Highnote Residential Tower / Studioninedots
Text description provided by the architects. Highnote is a residential tower for starters in Almere and the latest addition to the city skyline. For the design, we came up with a unique feature: a triangular plinth that consists entirely of ‘urban rooms’. They are intimate, urban indoor and outdoor spaces, flowing into each other and enticing you to wander through them. Each urban room sparks its own sense of wonder, yet always leaves its use to your imagination.
Along the edges of the entire plot, one continuous colonnade contours the urban room sequence. Its appearance is strong yet abstract, inviting your own interpretation of the spaces it surrounds. Together, the urban rooms create the gradual transition from the buzzing city to the private homes in the tower.
The city of Almere has a quickly rising number of young and starting city dwellers, yet there is still limited housing in the city center. The municipality aims to turn the center more sustainable, green and dense. Pedestrians are prioritized: by linking existing and future squares and places with their own characters and functions, a new green walking strip through the city center is emerging.
Until only recently, there was a stony and barren residual site, lying fallow along one of the city axes to the heart of Almere. The municipality had the ambition to repurpose the site into one of these new urban destinations, merging quality housing for a wide range of starters with healthy living space and unexpected functions that generate new liveliness in public. The plot’s compact, triangular shape raised additional challenges for this desire.
The urban rooms within are new places to meet up, work, relax, and study: they are spaces designed to inspire, fostering you to use them as you see fit. So, characterful yet as versatile as possible, the urban rooms are adaptable to current and future needs.
We conceived the square on the west side to be transparent and open, welcoming the people entering from the city center. This square, or as we call it the Werf, is set to initially become the site for art installations and public events for residents and the neighborhood. In parallel, it will co-function as an outdoor workspace for adjacent creative maker spaces to be installed inside. Along the alley lies the Hof — a contrasting, sheltered space through which new walking paths with seating elements wind. This area brings a luscious green garden, providing a space of tranquility and flooding with daylight at certain times of the day. On top of the lower, south-facing volume lies the Dak, a rooftop garden offering the residents their own 450m2, green space to host a birthday party, organize a sports class or just take a break from the hustle and bustle of the city. At the base of the tower, is an internal cultural area with workspaces, to which a café and restaurant will be added this year.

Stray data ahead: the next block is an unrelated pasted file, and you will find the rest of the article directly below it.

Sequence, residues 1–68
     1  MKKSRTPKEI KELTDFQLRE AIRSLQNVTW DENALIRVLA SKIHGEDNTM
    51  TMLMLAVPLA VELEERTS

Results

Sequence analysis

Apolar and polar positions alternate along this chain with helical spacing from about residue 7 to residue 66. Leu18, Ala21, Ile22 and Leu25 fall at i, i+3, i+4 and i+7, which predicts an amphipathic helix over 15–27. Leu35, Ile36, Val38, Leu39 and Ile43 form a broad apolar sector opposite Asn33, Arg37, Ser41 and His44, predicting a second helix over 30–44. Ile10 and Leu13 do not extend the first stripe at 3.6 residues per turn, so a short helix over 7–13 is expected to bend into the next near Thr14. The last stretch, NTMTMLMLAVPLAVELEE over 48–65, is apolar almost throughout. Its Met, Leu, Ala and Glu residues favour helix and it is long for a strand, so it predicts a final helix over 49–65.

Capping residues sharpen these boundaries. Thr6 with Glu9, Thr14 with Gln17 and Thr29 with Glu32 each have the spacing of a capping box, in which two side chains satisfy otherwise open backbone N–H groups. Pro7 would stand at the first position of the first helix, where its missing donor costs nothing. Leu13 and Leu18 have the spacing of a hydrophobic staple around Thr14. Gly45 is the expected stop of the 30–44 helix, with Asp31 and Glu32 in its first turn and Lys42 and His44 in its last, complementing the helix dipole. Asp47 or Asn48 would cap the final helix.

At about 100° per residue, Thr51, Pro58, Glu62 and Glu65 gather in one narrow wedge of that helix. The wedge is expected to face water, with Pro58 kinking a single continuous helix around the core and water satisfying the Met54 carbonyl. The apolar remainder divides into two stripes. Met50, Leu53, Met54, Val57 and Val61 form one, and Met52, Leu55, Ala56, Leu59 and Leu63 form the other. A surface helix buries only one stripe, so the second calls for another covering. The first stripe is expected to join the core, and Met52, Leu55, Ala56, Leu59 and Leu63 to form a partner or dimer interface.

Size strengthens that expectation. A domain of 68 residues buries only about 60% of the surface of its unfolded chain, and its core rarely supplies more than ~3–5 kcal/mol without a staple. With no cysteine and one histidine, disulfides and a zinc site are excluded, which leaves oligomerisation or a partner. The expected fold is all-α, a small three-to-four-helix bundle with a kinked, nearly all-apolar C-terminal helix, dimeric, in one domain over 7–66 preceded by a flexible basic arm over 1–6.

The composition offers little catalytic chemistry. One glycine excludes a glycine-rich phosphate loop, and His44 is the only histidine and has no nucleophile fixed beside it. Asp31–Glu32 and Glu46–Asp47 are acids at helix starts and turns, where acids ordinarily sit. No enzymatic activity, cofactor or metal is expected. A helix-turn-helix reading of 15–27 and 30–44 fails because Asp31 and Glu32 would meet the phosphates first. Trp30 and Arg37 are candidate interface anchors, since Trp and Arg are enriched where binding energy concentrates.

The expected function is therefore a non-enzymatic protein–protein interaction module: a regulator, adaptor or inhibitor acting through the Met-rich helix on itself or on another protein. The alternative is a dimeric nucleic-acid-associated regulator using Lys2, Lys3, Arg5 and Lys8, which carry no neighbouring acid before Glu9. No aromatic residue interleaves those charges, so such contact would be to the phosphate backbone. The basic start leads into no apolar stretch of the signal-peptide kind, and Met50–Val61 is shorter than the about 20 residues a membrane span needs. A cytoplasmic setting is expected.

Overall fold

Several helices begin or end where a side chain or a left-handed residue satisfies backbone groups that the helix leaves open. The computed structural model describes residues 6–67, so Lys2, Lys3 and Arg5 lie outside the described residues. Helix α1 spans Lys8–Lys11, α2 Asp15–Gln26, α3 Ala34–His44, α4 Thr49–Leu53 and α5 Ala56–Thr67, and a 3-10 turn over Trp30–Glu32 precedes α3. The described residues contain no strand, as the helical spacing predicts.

On top of this public program, the tower volume accommodates 157 homes of which, for the first time in Almere, 67 ‘friends’ apartments for two sharing tenants. On its prominent location next to the city hall, Highnote now marks the entrance to the heart of the city.
The stepped, leaning volume and signature color make Highnote stand out in Almere’s cityscape, with a changing silhouette from all angles. We opted for a monochromatic, soft red concrete facade that seems to shift in color throughout the day and soothes the rectilinear grid. Each volume has its own facade rhythm, reinforcing the stacked building configuration.
The facade is built with robust concrete columns with deep, angled recesses that create a play of light and shadow. At street level, the facade flows smoothly into the mystical colonnade. We implemented load-bearing, prefabricated facade elements throughout, allowing the building to be constructed in a tight timeframe and virtually scaffold-free. Highnote’s structure allows the entire building to remain flexible in its configuration, now and in the future.